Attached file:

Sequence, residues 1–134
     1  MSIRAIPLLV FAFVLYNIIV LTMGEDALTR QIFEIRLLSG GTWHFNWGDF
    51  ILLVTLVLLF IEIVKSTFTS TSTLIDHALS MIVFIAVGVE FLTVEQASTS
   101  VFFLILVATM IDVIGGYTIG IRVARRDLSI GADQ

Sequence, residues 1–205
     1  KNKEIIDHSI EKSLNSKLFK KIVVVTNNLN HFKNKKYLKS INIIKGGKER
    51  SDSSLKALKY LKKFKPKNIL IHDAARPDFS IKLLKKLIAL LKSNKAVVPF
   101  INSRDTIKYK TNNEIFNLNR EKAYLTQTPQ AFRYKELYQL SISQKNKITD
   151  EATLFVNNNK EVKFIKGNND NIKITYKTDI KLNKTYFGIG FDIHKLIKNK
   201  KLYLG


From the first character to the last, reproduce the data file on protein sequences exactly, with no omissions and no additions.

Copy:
Sequence, residues 1–134
     1  MSIRAIPLLV FAFVLYNIIV LTMGEDALTR QIFEIRLLSG GTWHFNWGDF
    51  ILLVTLVLLF IEIVKSTFTS TSTLIDHALS MIVFIAVGVE FLTVEQASTS
   101  VFFLILVATM IDVIGGYTIG IRVARRDLSI GADQ

Sequence, residues 1–205
     1  KNKEIIDHSI EKSLNSKLFK KIVVVTNNLN HFKNKKYLKS INIIKGGKER
    51  SDSSLKALKY LKKFKPKNIL IHDAARPDFS IKLLKKLIAL LKSNKAVVPF
   101  INSRDTIKYK TNNEIFNLNR EKAYLTQTPQ AFRYKELYQL SISQKNKITD
   151  EATLFVNNNK EVKFIKGNND NIKITYKTDI KLNKTYFGIG FDIHKLIKNK
   201  KLYLG